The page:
When it comes to data management, the fundamental problem is that data doesn’t describe itself, which means it’s up to the IT organization to figure out the relationship between different data sets.
Starting today, Alation wants to apply machine learning software to automate that process in a way that captures information on what the data describes, where the data comes from, who’s using it and how it’s being used.
Rather than allocating data scientists to discover that information, Alation CEO Satyen Sangani says the company’s namesake software pulls data into a central repository on which machine learning algorithms are applied. From there, sets of data can not only be easily compared, the relationship between different sets of data can be more easily discovered.
In general, machine learning applies statistical models to establish probable relationships. As such, there is no magic silver bullet to be applied to data management. Even machine learning applications need humans to make the models more accurate. But compared to trying to create a usable metadata repository that can be applied to data governance, Sangani says machine learning represents a major opportunity to reduce the amount of time it takes to discover the relationship between different sets of data.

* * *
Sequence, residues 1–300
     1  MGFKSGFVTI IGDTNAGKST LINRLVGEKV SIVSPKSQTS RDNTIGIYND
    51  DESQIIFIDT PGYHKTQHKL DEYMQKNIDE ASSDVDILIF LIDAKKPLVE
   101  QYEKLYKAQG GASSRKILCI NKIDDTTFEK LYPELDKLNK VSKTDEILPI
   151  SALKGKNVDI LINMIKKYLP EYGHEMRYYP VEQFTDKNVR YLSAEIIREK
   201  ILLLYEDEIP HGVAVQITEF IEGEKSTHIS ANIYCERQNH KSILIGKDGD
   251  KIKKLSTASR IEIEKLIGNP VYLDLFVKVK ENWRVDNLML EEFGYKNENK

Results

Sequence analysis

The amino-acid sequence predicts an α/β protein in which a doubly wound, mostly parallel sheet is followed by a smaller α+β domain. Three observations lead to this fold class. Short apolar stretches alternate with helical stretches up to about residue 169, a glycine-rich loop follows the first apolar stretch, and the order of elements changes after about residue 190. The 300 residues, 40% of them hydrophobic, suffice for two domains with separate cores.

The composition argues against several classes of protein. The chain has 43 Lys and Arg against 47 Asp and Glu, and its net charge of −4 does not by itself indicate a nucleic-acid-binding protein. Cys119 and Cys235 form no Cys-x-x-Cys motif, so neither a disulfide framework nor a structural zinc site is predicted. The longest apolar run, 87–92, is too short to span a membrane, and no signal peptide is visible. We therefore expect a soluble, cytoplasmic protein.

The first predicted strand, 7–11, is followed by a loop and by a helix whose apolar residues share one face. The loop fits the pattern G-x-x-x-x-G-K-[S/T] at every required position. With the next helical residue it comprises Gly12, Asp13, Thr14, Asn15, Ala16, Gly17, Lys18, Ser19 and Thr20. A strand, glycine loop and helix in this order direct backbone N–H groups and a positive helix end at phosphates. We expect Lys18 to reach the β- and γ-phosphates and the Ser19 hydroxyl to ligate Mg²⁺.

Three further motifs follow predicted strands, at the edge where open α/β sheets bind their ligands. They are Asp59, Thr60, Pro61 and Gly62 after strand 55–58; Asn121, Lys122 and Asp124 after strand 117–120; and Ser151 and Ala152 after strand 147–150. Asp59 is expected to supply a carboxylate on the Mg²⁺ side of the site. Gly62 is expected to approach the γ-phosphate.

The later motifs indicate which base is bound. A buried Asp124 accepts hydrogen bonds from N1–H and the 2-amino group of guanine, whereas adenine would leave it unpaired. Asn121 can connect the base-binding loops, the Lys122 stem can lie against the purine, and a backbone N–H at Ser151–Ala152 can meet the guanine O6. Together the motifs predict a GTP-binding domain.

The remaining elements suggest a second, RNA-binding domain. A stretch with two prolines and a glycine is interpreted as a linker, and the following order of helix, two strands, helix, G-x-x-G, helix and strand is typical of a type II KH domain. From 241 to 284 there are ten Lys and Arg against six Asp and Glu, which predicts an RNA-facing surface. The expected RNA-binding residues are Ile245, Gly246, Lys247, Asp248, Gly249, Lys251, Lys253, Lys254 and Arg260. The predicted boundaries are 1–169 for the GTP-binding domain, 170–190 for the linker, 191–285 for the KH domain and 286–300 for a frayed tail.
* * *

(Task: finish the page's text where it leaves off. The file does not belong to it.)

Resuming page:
Historically, data governance has been a thankless task. In fact, most organizations give it short shrift because the amount of time it takes to do it right versus the payback delivered to the business has been, to say the very least, problematic. It’s only because of a plethora of compliance issues that most organizations even go to the trouble.
Fresh off of raising $9 million in funding, Alation is betting that if the discovery part of the equation can be automated, then just maybe data governance can become more of an opportunity to explore a potential asset versus the chore that most organizations view it to be today.